Jung:   I am indeed convinced  that evil is as positive a factor as good. Quite apart from everyday experience it would be extremely illogical to assume that one can state a quality without its opposite. If something is god, then there must needs be something that is evil or bad. The statement that something is good would not be  f one could not discriminate it from something else. Even if one says that something exists, such a statement is only possible alongside the other statement that something does not exists. Thus when the Church doctrine declares the evil is not or is a mere shadow, then the good is equally illusory, as its statement make no sense……….. The identification of good with OUSIA is a fallacy, because a man who is thoroughly evil does not disappear at all when he has lost his last good. But even if he has 1 per cent of his good, his body and soul and his whole existence are still thoroughly   good ; for, according to the doctrine, evil is simply identical with

 non-existence. This is such a horrible syllogism that there must be a very strong motive for its construction. The reason is obvious: it is a desperate attempt to save the Christian Faith from dualism. According to this theory [of the PRIVATIO BONI ] even the devil, the incarnate evil, must be good, because he exists, but inasmuch as he is thoroughly bad, he does not exist.  This is a clear attempt to annihilate dualism in flagrant contradiction to the dogma that the devil is eternal and damnation a very real thing…………

…. Certainly the God of Old Testament is good and evil. He is Father or Creator of Satan as well as of Christ.  Certainly if God the Father were nothing else than a loving Father, Christ's cruel sacrificial death would be thoroughly superfluous.

 

Loga:   Here it is clear that while Jung is right in saying that EVIL is real and not simply the deprivation or absence of good, his view that God is the source of both good and evil is totally wrong. God cannot be both the creator of Christ and Satan. The Satan which is only a metaphorical statement of the workings of something that we are led to recognize  as evil HAS TO BE AN AUTONOMOUS REALITY always in battle with God.  This is what in Saivism is called aNu or aNavam  just as uncreated and eternal as God and the countless number of souls.  Saivism agrees with Jung that evil is real  but disagrees with him when he says that God is both good and evil.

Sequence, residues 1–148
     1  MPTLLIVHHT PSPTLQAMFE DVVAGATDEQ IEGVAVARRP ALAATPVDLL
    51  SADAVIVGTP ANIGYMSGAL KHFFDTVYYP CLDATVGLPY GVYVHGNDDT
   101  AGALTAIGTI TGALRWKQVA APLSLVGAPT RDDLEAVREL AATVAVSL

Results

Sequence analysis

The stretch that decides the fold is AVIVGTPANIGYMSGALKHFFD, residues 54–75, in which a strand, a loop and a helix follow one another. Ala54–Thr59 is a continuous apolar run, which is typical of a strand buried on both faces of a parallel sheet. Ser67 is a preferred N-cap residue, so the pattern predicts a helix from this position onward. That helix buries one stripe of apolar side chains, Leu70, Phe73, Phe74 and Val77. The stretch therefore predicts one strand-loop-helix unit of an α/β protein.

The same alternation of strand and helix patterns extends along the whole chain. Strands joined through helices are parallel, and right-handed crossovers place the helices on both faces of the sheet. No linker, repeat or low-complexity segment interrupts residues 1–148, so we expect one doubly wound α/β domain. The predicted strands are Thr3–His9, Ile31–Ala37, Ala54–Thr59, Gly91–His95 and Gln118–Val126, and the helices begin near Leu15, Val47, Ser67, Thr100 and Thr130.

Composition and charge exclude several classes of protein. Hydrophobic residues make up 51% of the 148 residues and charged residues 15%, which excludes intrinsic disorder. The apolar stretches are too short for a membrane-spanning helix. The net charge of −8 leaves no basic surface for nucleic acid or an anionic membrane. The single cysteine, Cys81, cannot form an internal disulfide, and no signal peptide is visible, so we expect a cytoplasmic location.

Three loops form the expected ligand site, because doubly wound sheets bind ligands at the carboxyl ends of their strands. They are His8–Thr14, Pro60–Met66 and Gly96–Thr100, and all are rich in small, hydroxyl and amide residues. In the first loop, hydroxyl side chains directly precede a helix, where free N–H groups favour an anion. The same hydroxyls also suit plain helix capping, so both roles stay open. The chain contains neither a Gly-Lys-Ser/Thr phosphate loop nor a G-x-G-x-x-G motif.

Chapter 1: Nihilism and the Way Out

 

  Now begins an interrogation of Meykandar of a profound kind in which Arunandi takes to task

  Meykandar's central notion 'an-n-iyaminmai' or absence of  Otherness as the limiting condition of

  Being-in the-World of the anmas that he outlined in his magnificent Civajnana

  BOtham(henceforth C.B) and which  is said to have been bestowed by BEING itself and no other.

  This is also the notion of ParaMukti, the absolute liberation that provides the meaning for

  Existence, that for which existence is.  The interrogation and the dialectics brings out the

  impossibility of making sense of this notion of Paramukti within absolute hetereology that always

  maintains an alienness, an Other. Having brought out  the numerous impasses and hence nihilism

  of a kind as the only possibility, he makes it come out from the mouth of Meykandar the solutions

  to these dillemmas that hark back to the words of Appar and Thirunjaanasambanthar.

 

   kaNNakan nyaalaththuk kathiravan thaanena

   veNNaith thOnRiya meykaNta thEva!

   kaaraa kirukak kali aazvEnai n-in

   pEra inpaththu iruththiya peruma!

   vinaval aanaathutaiyEn  enathuLam

   n-Ingkaa n-ilaimai Ungkum uLaiyaal

   aRivinmai malam piRivinmai enin

   oraalinai uNarththum viraay n-inRanaiyEl

   thippiyam an-thO poyppakai aakaay

 

   Oh Meydanda Theva, who hast come down like the brilliant sun that dispels the

  DARKNESS of the wide world, and residing in VeNNai  Nallur, has established me

  in everlasting bliss by destroying my inclinations towards the Dark, I am desirous of

  posing some  (fundamental metaphysical) questions (in the light of what you have

  already said)

 

   If Thou as the BEING, has been all along with me never departing at all,

  standing as the SAME, then how is that I am infected with DARKNESS OF

  IGNORANCE?

   If it is said, it is so because the MALAM remains non-alienated and separated , it

  would mean that Thou standeth aloof and apart. But if this is denied and is said that

  BEING as such remains WITH all nonalienly, then not only it is incredible but also

  that Thou art NOT the foe of the false and illusory.

 

   chuththan amalan chOthi n-aayakan

   muththan paramparan enumpeyar mutiyaa

 

   And if so, then such descriptions of Thee as the Absolutely Pure, the Supremely